Sunday, July 18, 2010


Remember these guys?
 Well, they have been drinking in sunshine and water in the month I was away, just so they could welcome me in their full splendour:

 and tonight, they fed me.

Buckwheat noodles with pesto.

Wednesday, July 14, 2010

Back home. Sort of

I am back, in our bone-white bedroom with the pink furnishings. For the rest of the week at least, I will be busy enough cleaning the house and setting it to rights. But no matter, I've had a bath and I've brewed coffee, and all is right with the world.

Not quite. I miss my mum and sis. And my phone mysteriously died even as I plugged it in and rejoiced at the dial tone. So I wont be chatting online with Mian today- which is really, really sad. And I have not brought back half enough gifties for all the people I will meet..

Overriding everything though, is my missing of mum and sis. My niece shouldn't bridle, because I miss her too, but what I am referring to here is a specific missing of the family of my childhood. Partly, it's the weather. The summer-monsoon period is where all my happy childhood memories are. My sis would be home for the study prep- when we would study all day and mum would take us off to a picnic in the evening. In the holidays we would run pretty wild. It was a small town in a safer time, and I would be out either in the garden or in the woods all day long. Later, when summer turned to monsoon, the new year truly began with school and all the associated excitement.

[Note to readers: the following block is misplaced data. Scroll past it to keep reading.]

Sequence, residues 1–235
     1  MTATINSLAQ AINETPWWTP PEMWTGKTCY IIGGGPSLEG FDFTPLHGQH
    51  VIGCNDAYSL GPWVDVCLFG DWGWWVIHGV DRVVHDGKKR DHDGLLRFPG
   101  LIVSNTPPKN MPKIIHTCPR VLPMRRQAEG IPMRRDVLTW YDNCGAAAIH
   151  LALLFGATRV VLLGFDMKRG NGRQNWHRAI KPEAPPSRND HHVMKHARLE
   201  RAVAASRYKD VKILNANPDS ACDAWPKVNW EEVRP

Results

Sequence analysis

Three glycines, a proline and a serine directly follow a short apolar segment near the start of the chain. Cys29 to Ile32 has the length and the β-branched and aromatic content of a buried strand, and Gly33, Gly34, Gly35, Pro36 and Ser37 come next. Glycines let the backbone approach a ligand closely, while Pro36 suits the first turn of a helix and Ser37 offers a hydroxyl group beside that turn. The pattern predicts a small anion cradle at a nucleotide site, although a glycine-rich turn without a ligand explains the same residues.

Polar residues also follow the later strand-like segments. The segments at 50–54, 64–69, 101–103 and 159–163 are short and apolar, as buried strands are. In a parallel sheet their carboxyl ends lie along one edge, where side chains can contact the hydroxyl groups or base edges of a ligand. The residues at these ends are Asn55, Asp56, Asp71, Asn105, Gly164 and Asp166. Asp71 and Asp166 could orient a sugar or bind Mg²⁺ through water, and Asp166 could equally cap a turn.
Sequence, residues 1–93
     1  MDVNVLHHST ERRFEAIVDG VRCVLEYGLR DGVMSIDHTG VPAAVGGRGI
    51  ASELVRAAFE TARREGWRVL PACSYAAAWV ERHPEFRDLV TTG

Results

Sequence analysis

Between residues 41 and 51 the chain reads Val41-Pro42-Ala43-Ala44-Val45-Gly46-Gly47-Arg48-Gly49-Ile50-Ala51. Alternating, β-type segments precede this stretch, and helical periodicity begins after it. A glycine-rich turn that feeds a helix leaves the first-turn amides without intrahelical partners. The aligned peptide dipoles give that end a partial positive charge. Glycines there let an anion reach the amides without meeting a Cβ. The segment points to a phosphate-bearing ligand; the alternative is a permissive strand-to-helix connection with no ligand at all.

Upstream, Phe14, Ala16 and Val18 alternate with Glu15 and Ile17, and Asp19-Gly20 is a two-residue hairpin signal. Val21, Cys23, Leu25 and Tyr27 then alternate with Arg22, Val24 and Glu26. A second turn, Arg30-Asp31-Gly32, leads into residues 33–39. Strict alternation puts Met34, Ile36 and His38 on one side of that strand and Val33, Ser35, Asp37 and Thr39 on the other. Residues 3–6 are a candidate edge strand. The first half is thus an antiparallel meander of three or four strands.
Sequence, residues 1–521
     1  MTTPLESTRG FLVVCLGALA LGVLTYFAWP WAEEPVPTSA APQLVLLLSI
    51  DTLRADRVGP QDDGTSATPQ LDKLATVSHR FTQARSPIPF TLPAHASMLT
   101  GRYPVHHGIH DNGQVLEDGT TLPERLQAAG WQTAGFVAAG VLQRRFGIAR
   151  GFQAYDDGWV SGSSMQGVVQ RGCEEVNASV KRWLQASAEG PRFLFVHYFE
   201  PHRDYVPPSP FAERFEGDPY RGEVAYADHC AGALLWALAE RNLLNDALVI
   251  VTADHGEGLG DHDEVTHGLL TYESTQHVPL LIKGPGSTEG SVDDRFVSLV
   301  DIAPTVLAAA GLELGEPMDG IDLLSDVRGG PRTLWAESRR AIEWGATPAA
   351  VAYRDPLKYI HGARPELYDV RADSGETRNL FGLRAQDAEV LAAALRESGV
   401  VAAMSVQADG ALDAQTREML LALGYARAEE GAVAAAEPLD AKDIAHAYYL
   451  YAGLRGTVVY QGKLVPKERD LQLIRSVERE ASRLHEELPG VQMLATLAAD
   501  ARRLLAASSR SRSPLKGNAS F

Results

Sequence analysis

Monsoons along the coast create plenty of stories. We had a super-tall television aerial to 'catch' the broadcast all the way from Panaji. It was like a mast, and in every storm it fancied it had sails. The wind would catch it and rotate it so that it was no longer aligned correctly. If a favourite program was going to be aired, my sis and I would go up to the attic to rotate it again. This meant the untying of it, which meant the removal of the plastic around it, which meant that we would be standing in the rain grappling with a huge, huge, metal pole that was fighting for liberty while my mum would watch the TV and give us directions from below. And always, always, some part of the house or the other would be was a 100 year old earth and wood structure, what do you expect? We loved it.

Monsoons were warmth, too. I would walk or cycle back from school and invariably get soaked. But coming home in a storm was lovely, because I knew exactly what I was coming home to. I would lug my cycle up to the verandah, walk up the dark wood staircase, and enter the kitchen. Amma would be standing there at the gas heating a wad of cloth on a tava. This she would proceed to apply to my head and -after an unceremonious stripping- to my back and chest. I squealed my way through the entire process, but it was a good thing to come home to.

And another good thing was Amma's ovachi amti. A wonderfully warming and tasty curry made of some seeds I can't remember. It's so warming that over-indulgence leads to skin breakouts, but that didn't prevent my sis and me from clamouring for it every cloudy day. I am shocked at myself for not knowing the recipe, but I will ask her today, and I will learn to make it.